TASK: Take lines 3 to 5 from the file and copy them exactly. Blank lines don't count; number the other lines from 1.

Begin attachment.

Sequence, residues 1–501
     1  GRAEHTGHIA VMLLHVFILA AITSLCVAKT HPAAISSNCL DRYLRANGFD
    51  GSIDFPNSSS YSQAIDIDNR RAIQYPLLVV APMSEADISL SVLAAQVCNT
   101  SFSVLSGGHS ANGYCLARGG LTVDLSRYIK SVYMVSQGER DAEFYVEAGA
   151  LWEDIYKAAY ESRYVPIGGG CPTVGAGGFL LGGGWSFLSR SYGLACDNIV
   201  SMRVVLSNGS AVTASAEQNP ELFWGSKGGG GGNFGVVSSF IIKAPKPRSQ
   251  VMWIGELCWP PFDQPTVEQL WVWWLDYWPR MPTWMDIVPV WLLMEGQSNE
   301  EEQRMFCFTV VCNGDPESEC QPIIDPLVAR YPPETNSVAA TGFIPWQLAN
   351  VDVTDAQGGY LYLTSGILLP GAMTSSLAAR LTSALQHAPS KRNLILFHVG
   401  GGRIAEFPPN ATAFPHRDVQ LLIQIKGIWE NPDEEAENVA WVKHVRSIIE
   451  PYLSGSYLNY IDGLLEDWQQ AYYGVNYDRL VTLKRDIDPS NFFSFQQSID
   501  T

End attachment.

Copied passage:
    51  GSIDFPNSSS YSQAIDIDNR RAIQYPLLVV APMSEADISL SVLAAQVCNT
   101  SFSVLSGGHS ANGYCLARGG LTVDLSRYIK SVYMVSQGER DAEFYVEAGA
   151  LWEDIYKAAY ESRYVPIGGG CPTVGAGGFL LGGGWSFLSR SYGLACDNIV